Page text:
Slim Randles is here today with his friend, Windy, who likes to fracture the English language like nobody else. I admire the guys at the Mule Barn Truck Stop who can follow the conversation with Windy and reply with hardly a moment’s hesitation. More power to them.
Let’s join the guys with a cup of coffee and have a listen.
“Well,” said Steve, polishing off the last of his coffee, “what should we discuss this fine morning?”
“I’m awful glad you asked, ol’ pard,” came the cheerful voice of Windy Wilson, emerging through the swinging doors that came from the kitchen of the Mule Barn truck stop. “Yessir. Awful glad.”
Steve and the other members of the world dilemma think tank looked in amazement as this old camp cook and cowboy came over with the coffee pot and topped off their coffee mugs. Windy had found a dish towel and wrapped it around his waist, too.
“Windy?” said Doc. “Mighty fine-looking dish towel you’re wearing.”
“Thanks, Doc. I cornsider it the aplex of dining room fashion for a volunteer coffee guy. Took me a while to talk Loretta into lettin’ me wear it, howsomever. I guess she ain’t up on dining room fashions.”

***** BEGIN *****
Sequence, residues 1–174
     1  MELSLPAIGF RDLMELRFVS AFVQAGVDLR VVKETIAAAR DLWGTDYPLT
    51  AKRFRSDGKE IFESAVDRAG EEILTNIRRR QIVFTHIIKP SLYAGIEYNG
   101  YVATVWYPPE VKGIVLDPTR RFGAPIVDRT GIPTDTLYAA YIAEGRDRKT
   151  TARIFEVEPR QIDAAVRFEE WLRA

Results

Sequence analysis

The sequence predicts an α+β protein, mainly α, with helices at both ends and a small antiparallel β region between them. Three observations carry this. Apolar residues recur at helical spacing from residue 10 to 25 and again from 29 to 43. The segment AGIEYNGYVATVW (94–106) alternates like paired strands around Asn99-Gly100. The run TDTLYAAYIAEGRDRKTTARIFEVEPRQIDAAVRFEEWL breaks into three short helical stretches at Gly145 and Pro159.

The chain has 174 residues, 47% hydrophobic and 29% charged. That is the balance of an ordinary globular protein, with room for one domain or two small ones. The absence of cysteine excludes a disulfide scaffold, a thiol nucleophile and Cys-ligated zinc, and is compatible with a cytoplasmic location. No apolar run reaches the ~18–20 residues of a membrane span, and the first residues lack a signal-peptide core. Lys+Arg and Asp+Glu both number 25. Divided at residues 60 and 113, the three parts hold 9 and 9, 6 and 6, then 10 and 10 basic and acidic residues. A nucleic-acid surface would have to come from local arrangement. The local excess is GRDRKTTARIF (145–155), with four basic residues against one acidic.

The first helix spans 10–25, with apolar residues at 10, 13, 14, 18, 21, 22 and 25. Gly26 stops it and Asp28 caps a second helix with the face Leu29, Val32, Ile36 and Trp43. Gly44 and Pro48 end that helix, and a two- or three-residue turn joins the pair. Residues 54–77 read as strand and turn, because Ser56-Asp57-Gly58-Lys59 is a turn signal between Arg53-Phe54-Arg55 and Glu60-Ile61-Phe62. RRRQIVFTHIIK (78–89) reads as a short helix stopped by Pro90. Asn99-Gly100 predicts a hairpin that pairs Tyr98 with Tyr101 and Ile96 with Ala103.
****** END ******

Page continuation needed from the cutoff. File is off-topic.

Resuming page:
“Let me guess,” said Doc. “This must be your helping day, right?”
“Right as grain, Doc,” Windy said, cheerfully. “I thought about it and decisioned I’d devote my helpin’ day to the good ol’ Mule Barn.”
We all knew Windy dedicated one day each week to helping others. This sometimes meant helping them when they really didn’t need it, but hey, the older folks in our town get some trash picked up in the yard and some kindling split. You know.
“So fer a conservational subject this sparklin’ a.m.,” Windy said, “I believe I’d meanderate through the mystericals of ancient history, beginnin’ with them Egypt guys. Whadda ya think?”
“Might just do that, Windy,” said Steve. “But if you don’t mind me asking, why are you helping out with the coffee in here rather than cleaning up somebody’s yard.”
Windy looked around to see if the other 43 people in the café could hear, then leaned down toward Steve. “Lot warmer in here than it is in somebody’s yard, and thassa fact.”
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Brought to you by Ol’ Max Evans: The First Thousand Years. Available at unmpress.com
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Check out all of Slim’s award-winning books at www.slimrandles.com, and in better bookstores and bunkhouses throughout the free world.
All of the posts here are from his syndicated column, Home Country, that is read in hundreds of newspapers across the country. I am always happy to have him share his wit and wisdom here.